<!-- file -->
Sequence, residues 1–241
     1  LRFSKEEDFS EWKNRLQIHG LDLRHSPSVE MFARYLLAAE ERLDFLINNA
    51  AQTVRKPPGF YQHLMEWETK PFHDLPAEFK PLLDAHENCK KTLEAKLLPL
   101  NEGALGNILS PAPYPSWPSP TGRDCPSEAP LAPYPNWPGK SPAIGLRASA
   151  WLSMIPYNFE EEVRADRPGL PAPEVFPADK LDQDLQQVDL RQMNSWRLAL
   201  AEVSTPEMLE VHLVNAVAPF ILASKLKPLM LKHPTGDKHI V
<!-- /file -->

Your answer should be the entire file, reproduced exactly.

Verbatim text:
Sequence, residues 1–241
     1  LRFSKEEDFS EWKNRLQIHG LDLRHSPSVE MFARYLLAAE ERLDFLINNA
    51  AQTVRKPPGF YQHLMEWETK PFHDLPAEFK PLLDAHENCK KTLEAKLLPL
   101  NEGALGNILS PAPYPSWPSP TGRDCPSEAP LAPYPNWPGK SPAIGLRASA
   151  WLSMIPYNFE EEVRADRPGL PAPEVFPADK LDQDLQQVDL RQMNSWRLAL
   201  AEVSTPEMLE VHLVNAVAPF ILASKLKPLM LKHPTGDKHI V